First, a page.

:: You will be safe behind Rush's rippling pecs. (My eyes! My eyes!)

:: Meanwhile Roger L. Simon thinks that cute-as-a-button Reese Witherspoon is "flat-out, hands-down the finest actress in American commercial cinema today" which I take to mean that Roger has been blowing some of that VC money on the good shit. (Ms. Witherspoon's a fine actress, certainly. But the "finest in American commercial cinema today"?! Wow.)

:: Anyway, for those who are following along at home, The Thing in question is this one, also mentioned here and here but it is not this one and it's definitely not that other one that I guess I forgot to write up. (Huh?!)

:: John Derbyshire: gay sex is a crime against nature, but if your girlfriend can drink legally, she's past her prime. All righty then. (Yup, the Derb said it, all right: "It follows that we are at ease with the fact that the human female is visually attractive to the human male at, or shortly after, puberty, and for only a few brief years thereafter." That guy is just flat-out loony. What a bizarre thing to believe. My own wife is more beautiful to me now than she was ten years ago, and she's well past what The Derb seems to think is "attractive". And come to think of it, of all the beautiful women in my life, not only are each and every one of them past 25, many of them are even past 30. And as a bonus, here's another dumb thing I read by The Derb this week:

To my kids I should like to say: I am sorry to have brought you into this mess. There were no bells ringing, no bands playing, at either of your births, and it would have been a travesty if there had been. Even the wisest of us — people like your Dad, I mean — live in part by instinct, and there is no instinct stronger than the one that prompts us to continue the species; so here you are. I am sorry, sorry. There was the Greatest Generation. Then there was ours, the Luckiest. Yours will be the Saddest. Quite possibly — so far as this civilization is concerned, at any rate — it will be the Last. I shall continue to do my best for you as long as I can, but... apr├Ęs moi le Deluge.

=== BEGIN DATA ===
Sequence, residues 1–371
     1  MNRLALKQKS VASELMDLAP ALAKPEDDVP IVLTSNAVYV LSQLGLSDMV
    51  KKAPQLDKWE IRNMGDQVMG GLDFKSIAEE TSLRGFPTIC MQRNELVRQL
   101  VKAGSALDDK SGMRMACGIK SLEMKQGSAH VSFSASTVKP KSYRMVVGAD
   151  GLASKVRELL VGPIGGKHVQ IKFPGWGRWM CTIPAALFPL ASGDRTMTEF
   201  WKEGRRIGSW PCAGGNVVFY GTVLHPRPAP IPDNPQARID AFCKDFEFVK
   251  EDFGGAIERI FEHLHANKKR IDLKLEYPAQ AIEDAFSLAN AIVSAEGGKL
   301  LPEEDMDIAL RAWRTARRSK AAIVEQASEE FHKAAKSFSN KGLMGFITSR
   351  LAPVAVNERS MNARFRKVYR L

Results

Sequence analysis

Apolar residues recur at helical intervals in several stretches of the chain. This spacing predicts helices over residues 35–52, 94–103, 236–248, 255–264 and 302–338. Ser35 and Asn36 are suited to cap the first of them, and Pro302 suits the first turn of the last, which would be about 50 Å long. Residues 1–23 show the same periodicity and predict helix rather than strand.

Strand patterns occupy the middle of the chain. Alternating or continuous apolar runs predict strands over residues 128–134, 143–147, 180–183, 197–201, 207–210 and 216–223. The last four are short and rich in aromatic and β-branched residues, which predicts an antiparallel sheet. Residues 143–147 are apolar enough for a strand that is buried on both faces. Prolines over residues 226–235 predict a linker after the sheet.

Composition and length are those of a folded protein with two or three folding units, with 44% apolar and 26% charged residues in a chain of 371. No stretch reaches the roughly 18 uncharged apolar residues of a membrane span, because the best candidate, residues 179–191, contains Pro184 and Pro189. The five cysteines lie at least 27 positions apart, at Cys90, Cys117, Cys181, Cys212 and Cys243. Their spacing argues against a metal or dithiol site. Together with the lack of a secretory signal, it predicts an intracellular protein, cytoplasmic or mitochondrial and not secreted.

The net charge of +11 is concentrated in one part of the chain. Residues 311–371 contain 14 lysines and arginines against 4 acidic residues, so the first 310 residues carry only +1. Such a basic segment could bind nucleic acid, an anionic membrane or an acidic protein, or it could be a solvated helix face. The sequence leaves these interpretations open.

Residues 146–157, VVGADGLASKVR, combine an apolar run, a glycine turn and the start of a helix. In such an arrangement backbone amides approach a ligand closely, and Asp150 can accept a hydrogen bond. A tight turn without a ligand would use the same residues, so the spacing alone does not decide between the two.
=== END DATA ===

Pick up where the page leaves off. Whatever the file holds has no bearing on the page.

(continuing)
Shorter Derb: "Boy, now that we've pissed in the pool, it sure does suck that our kids are gonna have to swim through that icky shade of yellow. Oh well. Good luck with that."

Suck it, Derb.)

:: Not only is it quicker than trying to launch a brand-new operation, but it also offers an effective way to hurdle such entry barriers as acquiring technological know-how, establishing supplier relationships, becoming big enough to match rivals' efficiency and unit costs, having to spend large sums on introductory advertising and promotions, and securing adequate distribution. (Make it stop!)

OK, that's enough for this week. Some of these, by the way, come from blogs of folks who dropped by to offer their condolences and well-wishes in the comments here over the last week. I've bookmarked them all (I think, anyway -- there were a lot of them) and I'm enjoying looking through them all.